What You See Is What you Get?: The Portrayal of the Social Worker in Film Talking Points for Supervision

I find it interesting that we are in in the 21st century and we still cannot find a valid TV or film character that represents a social worker or the social work experience.  Why is that?

 If there is a social worker role played on TV, why is it always relegated to the background or is only characterized by child protection workers removing children?


In fact in the following movies that I have found that portray a social worker, the latter are just that, Child Protective Workers who judge the mother, have no boundaries with the children or are so dismissive of the allegations at hand that it is astounding.  Of further concern  is that these social work characters are not even representative of the culturally diverse population that social workers are comprised of.  I don’t know if it was the sign of the times when these films were released, but they do not represent the overall make up of the culturally diverse social work professionals that we are today.  In the following films we see actors portraying social workers representing child protective services workers in such films as:  the actor John Travolta  in Chains of Gold; the singer/actress Mariah Carey in Precious and the actress Elisa Loti in Claudine. To show these films to students today would be a disservice to the social work profession as a whole as well as what we present in the world today.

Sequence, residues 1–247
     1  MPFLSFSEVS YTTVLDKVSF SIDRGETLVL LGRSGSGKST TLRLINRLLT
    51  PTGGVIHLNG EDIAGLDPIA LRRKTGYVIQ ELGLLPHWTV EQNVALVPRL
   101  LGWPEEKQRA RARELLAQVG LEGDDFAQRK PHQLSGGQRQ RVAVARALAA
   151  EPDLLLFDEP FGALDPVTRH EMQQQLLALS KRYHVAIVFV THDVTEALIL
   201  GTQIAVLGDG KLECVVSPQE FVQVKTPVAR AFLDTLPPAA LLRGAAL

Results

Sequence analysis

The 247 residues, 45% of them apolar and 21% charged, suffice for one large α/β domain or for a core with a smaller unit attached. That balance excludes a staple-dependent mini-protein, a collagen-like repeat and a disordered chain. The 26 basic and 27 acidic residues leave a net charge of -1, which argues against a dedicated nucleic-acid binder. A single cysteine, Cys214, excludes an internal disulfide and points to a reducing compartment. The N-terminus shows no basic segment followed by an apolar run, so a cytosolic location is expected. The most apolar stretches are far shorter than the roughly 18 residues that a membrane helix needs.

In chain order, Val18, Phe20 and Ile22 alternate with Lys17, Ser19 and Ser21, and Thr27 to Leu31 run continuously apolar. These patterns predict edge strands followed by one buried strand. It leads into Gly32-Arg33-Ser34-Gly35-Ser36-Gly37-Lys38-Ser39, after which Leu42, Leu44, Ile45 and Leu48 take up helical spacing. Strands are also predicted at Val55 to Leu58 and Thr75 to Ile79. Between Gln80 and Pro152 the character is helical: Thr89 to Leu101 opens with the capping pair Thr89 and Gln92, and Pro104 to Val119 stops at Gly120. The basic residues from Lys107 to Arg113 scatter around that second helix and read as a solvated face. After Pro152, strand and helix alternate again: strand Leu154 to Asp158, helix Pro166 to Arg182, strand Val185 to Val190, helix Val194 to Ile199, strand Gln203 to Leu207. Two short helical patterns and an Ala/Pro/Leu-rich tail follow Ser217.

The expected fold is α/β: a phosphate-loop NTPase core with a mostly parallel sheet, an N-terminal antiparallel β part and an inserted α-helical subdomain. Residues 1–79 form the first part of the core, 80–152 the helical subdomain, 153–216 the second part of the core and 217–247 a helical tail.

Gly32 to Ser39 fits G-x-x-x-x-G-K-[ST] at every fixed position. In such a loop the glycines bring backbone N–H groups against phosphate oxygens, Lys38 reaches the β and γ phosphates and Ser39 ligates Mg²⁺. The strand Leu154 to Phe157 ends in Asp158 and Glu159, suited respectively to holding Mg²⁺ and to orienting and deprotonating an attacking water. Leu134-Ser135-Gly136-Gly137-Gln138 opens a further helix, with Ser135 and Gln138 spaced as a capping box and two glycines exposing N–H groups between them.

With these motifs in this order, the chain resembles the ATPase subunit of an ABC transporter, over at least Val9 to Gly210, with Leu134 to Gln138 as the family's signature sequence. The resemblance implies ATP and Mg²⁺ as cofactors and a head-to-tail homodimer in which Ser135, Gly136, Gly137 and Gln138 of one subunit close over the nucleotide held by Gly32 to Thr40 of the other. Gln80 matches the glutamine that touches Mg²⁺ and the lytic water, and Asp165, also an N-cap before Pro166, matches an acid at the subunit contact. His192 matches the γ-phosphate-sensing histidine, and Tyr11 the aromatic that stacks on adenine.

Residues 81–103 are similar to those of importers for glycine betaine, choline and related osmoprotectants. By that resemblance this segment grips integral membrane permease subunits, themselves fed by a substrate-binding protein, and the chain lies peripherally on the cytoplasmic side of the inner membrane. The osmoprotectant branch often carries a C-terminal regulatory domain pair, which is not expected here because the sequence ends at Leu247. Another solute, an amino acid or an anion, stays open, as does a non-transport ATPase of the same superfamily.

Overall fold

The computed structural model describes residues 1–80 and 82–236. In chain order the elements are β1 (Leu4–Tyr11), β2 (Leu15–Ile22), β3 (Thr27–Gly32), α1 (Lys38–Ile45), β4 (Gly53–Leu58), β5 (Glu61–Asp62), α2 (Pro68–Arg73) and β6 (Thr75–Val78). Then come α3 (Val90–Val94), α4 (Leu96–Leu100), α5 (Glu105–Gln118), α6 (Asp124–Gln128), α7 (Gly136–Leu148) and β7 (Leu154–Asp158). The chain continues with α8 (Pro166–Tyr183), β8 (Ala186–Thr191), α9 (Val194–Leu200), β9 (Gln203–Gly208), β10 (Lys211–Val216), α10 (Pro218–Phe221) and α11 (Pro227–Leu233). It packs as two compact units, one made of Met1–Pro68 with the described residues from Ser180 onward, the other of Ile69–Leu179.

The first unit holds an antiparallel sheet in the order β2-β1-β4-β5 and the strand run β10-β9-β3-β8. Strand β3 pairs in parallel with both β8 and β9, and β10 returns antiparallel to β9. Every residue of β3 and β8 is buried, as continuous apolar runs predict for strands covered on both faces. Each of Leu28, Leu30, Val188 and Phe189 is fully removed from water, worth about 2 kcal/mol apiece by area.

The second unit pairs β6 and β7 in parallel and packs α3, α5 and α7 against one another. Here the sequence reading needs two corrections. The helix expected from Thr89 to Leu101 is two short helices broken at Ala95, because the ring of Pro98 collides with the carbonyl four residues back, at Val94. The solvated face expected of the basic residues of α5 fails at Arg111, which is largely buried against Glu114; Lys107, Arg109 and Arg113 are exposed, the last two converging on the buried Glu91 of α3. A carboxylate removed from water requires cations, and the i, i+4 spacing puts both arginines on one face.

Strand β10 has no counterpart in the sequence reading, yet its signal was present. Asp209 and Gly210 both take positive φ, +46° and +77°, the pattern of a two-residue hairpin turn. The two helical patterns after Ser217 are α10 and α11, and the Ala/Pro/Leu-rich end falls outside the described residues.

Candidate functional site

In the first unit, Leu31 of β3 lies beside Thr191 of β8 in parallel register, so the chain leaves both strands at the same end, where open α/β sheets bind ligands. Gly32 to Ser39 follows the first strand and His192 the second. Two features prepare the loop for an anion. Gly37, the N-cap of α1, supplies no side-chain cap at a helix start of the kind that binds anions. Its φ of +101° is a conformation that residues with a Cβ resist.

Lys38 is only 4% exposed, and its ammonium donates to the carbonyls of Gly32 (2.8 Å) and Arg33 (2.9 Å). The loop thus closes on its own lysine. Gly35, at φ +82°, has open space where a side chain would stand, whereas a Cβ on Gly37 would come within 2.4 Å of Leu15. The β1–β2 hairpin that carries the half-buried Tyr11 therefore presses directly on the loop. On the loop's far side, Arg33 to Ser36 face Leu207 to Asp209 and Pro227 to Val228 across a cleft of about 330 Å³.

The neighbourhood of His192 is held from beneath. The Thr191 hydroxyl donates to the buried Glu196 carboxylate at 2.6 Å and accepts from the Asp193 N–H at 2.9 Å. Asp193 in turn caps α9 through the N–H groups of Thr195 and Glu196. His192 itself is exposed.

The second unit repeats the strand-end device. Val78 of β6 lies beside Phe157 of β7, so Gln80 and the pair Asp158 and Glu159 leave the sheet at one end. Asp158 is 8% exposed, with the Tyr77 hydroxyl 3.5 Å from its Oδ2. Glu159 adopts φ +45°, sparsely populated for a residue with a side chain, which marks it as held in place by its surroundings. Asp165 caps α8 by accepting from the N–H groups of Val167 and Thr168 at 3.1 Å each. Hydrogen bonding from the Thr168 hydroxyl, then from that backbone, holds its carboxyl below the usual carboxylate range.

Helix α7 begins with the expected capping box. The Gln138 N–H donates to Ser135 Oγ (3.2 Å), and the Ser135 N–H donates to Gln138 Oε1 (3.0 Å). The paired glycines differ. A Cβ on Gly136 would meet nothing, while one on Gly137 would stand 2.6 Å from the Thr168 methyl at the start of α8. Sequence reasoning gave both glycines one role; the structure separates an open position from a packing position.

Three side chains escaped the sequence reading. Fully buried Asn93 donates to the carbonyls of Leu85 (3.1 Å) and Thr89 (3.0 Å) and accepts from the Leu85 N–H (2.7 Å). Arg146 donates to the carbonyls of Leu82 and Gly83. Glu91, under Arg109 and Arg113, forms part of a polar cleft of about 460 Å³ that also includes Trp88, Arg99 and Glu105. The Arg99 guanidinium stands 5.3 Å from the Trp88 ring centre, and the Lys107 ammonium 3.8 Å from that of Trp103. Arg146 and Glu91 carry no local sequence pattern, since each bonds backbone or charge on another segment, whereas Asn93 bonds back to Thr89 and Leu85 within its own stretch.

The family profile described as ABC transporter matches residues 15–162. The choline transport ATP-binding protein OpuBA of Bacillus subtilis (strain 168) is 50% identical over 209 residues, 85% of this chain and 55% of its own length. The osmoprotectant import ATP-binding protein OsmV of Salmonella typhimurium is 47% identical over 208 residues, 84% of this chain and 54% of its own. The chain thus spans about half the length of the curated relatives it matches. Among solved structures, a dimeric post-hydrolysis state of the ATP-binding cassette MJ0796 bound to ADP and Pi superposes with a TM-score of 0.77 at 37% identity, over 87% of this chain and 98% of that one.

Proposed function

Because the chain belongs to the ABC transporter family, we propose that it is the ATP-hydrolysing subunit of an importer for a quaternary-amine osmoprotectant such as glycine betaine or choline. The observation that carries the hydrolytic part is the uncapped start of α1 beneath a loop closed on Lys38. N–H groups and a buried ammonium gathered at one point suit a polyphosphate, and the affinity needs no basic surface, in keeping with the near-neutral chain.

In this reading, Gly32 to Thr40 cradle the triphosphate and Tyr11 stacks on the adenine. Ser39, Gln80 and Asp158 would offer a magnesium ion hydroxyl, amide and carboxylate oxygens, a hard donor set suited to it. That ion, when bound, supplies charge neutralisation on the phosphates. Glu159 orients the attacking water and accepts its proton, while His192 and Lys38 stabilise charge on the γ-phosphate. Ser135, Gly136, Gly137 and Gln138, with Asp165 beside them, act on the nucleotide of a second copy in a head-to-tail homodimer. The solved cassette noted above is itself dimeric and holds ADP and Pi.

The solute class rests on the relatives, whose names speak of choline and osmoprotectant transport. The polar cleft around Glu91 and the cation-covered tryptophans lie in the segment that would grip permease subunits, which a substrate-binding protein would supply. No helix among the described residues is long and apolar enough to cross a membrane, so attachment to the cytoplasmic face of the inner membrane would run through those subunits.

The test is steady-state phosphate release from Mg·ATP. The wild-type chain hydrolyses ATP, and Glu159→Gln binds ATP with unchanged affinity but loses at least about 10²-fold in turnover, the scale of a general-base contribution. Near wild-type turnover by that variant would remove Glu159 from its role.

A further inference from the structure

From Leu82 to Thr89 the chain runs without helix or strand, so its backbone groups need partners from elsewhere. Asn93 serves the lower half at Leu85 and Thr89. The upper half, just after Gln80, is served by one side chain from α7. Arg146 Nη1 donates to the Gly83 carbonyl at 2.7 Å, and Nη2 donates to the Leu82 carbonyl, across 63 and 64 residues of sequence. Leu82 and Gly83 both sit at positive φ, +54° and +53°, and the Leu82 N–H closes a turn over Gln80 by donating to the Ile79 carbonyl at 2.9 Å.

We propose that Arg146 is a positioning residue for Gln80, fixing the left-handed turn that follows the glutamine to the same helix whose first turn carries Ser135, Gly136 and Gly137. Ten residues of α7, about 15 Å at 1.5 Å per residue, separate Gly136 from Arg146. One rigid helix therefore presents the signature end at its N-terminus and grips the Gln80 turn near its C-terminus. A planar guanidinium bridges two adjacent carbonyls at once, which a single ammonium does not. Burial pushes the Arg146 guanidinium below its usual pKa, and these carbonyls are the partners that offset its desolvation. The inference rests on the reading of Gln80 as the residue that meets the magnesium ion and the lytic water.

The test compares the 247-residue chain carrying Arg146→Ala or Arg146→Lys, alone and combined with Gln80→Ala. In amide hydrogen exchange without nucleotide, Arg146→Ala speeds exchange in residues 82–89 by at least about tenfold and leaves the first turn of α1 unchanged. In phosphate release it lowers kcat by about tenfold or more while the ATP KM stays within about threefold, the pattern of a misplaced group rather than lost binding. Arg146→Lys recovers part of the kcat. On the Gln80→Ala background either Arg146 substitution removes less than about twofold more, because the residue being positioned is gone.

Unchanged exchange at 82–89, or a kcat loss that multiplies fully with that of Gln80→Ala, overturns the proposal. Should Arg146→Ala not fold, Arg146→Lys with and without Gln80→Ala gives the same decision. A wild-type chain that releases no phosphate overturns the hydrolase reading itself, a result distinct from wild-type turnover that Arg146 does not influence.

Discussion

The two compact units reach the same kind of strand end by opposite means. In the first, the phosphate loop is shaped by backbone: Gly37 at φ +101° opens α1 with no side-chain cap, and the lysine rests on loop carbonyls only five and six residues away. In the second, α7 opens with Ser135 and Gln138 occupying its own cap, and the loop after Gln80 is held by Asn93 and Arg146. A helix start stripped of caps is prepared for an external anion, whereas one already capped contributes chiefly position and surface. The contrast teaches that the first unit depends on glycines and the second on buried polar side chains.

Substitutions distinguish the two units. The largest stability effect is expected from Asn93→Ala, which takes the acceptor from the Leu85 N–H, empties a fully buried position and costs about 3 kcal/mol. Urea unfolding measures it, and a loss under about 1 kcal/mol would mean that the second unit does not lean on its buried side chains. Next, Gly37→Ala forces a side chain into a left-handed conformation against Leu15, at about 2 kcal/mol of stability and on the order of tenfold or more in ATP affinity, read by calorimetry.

Let’s take a closer look within these films, shall we?